“This is exactly what the National Assembly has done, by making the current proposals for constitutional amendment. Every country’s constitution is fashioned to take care of the needs of such country.”

He cited Dangana vs. Usman, 2013, 6 NWLR, Pt. 1349, 50 at 93 S.C., where the Supreme Court held that the Constitution of any country is “the embodiment of what the people of that country desire to be their
guiding light in governance.”

Also, in Attorney-General of Kaduna State vs. Hassan, 1985, 2 NWLR, Pt. 8, 483 S.C., the Supreme Court, he also said, held that the Nigerian Constitution is meant to cater for the uniqueness of Nigeria as a nation.

Again in Attorney-General of Abia State vs. Attorney-General of the Federation, 2003, FWLR, Pt. 152, 131 S.C. and Attorney-General of Ondo State, 2002, 9 NWLR, Pt. 772, 222 S.C., some actions of the Federal Government were challenged on the ground that they infringed on the doctrine of federalism.

“The Supreme Court, in dismissing those actions, held that propounded theories of federalism must surely and always give way to express provisions of the Constitution.

“Thus, it is too simplistic and, therefore, unacceptable that a particular provision of the Constitution should be said to be invalid if it infringes on the antiquated doctrine of federalism,” arguing that a provision of the Constitution cannot be unconstitutional.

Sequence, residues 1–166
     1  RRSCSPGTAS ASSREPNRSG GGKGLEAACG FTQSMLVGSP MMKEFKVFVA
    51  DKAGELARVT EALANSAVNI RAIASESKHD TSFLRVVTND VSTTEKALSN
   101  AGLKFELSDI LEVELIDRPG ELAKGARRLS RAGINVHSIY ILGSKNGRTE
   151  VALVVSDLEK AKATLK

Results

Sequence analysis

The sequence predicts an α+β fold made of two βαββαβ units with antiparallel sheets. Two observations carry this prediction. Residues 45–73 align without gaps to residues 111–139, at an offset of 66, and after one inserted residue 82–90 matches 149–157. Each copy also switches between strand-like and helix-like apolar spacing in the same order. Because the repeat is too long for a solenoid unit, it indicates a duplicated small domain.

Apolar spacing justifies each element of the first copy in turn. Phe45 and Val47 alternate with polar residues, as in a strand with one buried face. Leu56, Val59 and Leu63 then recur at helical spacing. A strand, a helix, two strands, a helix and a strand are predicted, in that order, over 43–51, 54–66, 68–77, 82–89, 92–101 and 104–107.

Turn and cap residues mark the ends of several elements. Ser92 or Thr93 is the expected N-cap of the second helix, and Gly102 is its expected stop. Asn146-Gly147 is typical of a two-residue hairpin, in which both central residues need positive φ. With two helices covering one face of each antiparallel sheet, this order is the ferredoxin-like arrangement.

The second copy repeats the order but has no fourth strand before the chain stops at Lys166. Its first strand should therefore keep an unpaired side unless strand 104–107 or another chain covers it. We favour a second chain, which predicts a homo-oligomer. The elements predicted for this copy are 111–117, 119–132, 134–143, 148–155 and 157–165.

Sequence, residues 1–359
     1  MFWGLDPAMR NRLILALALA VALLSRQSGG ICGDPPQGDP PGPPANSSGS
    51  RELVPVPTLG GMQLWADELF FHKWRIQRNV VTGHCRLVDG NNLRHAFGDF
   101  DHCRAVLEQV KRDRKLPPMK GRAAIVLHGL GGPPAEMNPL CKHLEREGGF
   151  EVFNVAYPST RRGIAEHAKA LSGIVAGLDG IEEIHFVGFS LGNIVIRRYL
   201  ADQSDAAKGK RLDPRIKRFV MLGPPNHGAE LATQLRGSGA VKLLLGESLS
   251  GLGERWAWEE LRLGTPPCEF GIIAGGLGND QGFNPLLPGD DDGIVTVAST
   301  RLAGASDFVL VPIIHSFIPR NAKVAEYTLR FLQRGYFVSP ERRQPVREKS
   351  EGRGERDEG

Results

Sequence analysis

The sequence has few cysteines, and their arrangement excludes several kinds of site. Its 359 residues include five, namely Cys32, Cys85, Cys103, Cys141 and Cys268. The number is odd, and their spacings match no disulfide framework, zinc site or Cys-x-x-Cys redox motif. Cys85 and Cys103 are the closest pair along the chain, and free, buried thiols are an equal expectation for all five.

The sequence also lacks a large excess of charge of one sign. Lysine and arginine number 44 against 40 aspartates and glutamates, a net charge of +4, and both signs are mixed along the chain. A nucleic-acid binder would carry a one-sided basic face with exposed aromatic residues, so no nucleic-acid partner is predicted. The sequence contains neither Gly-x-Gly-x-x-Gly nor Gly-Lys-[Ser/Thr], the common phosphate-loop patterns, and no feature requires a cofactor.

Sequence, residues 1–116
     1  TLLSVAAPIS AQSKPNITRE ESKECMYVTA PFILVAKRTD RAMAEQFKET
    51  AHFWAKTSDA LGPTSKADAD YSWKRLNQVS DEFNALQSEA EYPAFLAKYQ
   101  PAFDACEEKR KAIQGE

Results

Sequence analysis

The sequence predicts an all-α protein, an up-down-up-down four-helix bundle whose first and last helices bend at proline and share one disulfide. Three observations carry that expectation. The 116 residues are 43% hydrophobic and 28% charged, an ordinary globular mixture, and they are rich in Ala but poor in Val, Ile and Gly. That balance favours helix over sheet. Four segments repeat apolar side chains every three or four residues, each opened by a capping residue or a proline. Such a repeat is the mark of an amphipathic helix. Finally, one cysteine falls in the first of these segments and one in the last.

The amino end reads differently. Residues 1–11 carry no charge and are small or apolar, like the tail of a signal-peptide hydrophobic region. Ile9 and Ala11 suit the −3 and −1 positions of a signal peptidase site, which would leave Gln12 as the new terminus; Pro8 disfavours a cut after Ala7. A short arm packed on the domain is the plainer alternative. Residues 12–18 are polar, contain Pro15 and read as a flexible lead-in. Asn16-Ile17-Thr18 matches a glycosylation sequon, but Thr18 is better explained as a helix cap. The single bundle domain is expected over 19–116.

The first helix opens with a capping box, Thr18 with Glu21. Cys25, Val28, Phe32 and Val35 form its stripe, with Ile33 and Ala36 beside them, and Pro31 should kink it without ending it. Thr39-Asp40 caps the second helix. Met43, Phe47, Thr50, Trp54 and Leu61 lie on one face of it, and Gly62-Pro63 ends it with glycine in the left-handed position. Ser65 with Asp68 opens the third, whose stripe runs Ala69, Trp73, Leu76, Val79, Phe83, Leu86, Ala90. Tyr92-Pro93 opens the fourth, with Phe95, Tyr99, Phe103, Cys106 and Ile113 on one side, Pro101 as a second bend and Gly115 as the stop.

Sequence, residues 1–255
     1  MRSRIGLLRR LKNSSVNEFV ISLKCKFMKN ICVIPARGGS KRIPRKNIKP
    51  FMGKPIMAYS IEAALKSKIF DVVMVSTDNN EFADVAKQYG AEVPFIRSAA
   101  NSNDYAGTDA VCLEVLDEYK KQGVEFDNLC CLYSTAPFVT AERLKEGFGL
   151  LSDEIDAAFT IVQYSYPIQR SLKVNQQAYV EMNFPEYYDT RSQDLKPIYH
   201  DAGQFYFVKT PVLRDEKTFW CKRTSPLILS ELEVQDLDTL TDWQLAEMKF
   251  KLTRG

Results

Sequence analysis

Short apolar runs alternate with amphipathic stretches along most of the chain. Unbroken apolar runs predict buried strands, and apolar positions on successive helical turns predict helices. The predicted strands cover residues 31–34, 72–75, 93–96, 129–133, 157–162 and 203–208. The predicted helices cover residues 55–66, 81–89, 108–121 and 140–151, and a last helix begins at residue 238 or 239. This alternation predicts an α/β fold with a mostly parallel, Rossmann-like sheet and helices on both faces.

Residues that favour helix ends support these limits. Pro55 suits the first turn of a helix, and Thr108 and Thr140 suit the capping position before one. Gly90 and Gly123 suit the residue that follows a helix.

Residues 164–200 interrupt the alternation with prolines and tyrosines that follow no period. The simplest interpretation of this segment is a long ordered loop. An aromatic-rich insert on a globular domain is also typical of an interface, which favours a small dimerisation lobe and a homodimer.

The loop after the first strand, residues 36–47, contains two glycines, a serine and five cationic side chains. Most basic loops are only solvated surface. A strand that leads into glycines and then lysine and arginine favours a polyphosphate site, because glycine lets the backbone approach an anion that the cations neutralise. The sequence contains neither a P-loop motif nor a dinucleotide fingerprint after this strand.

Mr. Hon further argued that some Federal constitutions like that of the Republic of South Africa grant full autonomy to local or municipal governments.

He cited the provisions of Section 153 of the South African Constitution as amended which he said mandated the local government councils to “structure and manage its administration, and budgeting and planning process to give priority to the basic needs of the community, and to promote the social and economic development of the
community.”

Also, Section 154(1) of the same Constitution compulsorily requires both the national and regional governments “by legislative and other measures” to “support and strengthen the capacity of the municipalities to manage their own affairs, to exercise their powers and to perform their functions.”

More importantly, Section 213 of that Constitution has established the National Revenue Fund, just like the Nigerian Consolidated Revenue Fund; while Section 214(a) and (b) provides that an Act of Parliament must provide for “the equitable division of revenue raised nationally among the national, provincial and local spheres of government” and “any other allocations to provinces, local government or municipalities from the national government’s share of that revenue, and any conditions on which those allocations may be made.”

He argued that the South African law does not have a Joint Provincial Local Government Account, adding that local governments in that country have complete autonomy.

“While I sympathise with the governors that the National Assembly is attempting to temper with the status quo, by proposing to make local governments autonomous in Nigeria, the said Assembly is standing in firma terra, meaning on firm grounds; hence should be supported.

“The governors should remember that after their respective tenures, they will also live with the rest of us as ordinary Nigerians; hence should support this worthy cause now,” Mr. Hon said.